Marvel not that I said unto thee, Ye must be born again. The necessity is implied in the word kingdom. No one born a citizen of England can become a citizen of the United States without complying with our naturalization laws. The kingdom of God has its naturalization laws, and there is no other way of entrance than to be born of water and of the Spirit. We may not understand all the mysteries of the new birth, any more than we do those of the natural birth, but we can understand what has to be done and what is necessary. Two things are needful: the spirit must be renewed; we must be baptized.
The wind bloweth where it listeth, and thou hearest the sound thereof, but canst not tell whence it cometh, and whither it goeth: so is every one that is born of the Spirit. Most commentators have held that this means: "As the wind moves mysteriously, so does the Spirit, and it breathes upon whom it will, effecting the inward change called the birth of the Spirit arbitrarily." This view I believe due to a wrong translation, sanctioned, not by Greek, but by current theology. Let it be noted that: (1) Exactly the same Greek term is rendered "wind" and "Spirit" in this verse. It is a violation of all law that the same word should experience so radical a change of meaning in the same sentence. (2) That the word (pneuma) is not translated "wind" elsewhere, although it occurs scores of times in the New Testament, but is always rendered "Spirit." (3) Another word in the Greek, anemos, is usually used to represent "wind." (4) The erroneous idea creates a confusion of figures. It makes Christ to say: "The wind bloweth where it listeth; so is (not the Spirit, but) every one born of the Spirit." It affirms of him who is born just what is affirmed of the wind, a thing the Savior never did. These facts are sufficient to show that the rendering "wind" is wrong. All we have to do is to translate pneuma here, as is done in the latter part of the verse and elsewhere in the New Testament. The verse then reads: "The Spirit (pneuma) breathes where it pleases and thou hearest the voice thereof, but canst not tell whence it comes nor whither it goes. So (by hearing its voice) is every one born of the Spirit" (pneuma). The meaning is: The Spirit breathes where it wills and you recognize its manifestation by its voice; by the words spoken by men of God as the Holy Spirit gives them utterance. You cannot tell whence the Spirit comes to whither it goes, but you can hear its voice when it does come. So, by hearing the voice of the Spirit, is every one born of the Spirit. He who receives by faith the communications of the Spirit is born of the Spirit. The birth of the Spirit is not the same thing as the gift of the Spirit. To those who are born of the Spirit is given. "Because ye are sons, God hath sent the Spirit of his Son into your hearts, crying, Abba, Father" (Gal 4:6). Hence, in harmony with the above view, Peter says, "Being born again, not by corruptible seed, but incorruptible, through the word of God, which liveth and abideth forever."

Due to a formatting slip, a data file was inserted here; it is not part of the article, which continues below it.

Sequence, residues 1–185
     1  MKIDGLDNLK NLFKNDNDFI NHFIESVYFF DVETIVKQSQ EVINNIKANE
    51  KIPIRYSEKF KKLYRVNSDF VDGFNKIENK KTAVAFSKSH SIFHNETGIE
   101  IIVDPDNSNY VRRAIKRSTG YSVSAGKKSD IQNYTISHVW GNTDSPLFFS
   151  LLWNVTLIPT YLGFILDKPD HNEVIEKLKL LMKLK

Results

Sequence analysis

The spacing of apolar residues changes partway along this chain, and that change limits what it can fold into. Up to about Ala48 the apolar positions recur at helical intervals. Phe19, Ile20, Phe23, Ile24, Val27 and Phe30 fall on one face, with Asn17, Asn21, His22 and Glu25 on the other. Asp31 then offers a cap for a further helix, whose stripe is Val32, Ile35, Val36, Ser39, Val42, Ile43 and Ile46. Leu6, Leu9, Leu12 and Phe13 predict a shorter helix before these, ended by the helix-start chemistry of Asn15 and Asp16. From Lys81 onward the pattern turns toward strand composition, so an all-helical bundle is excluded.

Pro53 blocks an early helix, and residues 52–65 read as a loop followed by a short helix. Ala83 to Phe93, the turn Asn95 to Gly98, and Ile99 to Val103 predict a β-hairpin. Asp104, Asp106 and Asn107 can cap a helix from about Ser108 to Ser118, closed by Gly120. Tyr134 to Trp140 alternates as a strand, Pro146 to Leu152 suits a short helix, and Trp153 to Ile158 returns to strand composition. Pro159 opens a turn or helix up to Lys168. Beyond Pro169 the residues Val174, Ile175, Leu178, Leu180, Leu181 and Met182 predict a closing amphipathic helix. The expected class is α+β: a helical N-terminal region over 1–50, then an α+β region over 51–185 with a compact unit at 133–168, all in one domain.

Art thou a master of Israel, and knowest not these things? The question implies that Nicodemus was one of the doctors of the law. These made very arrogant claims of superior knowledge.
We speak that we do know . . . ye receive not our witness. "Ye" includes Nicodemus and all Jews who failed to confess him; "we" includes himself and those who should testify of him by the Spirit.
If I have told you earthly things, and ye believe not. He had spoken of the things that belonged to the kingdom of God on earth, of the new birth. If Nicodemus could not understand and believe this, how would he receive testimony concerning the heavenly kingdom, God, and eternal glory?
And no man hath ascended up to heaven, but he that came down . . . the Son of man which is in heaven. This implies: (1) That he existed before he appeared on earth. (2) That heaven was his true abode. (3) That, on earth, his spirit was in communication with heaven.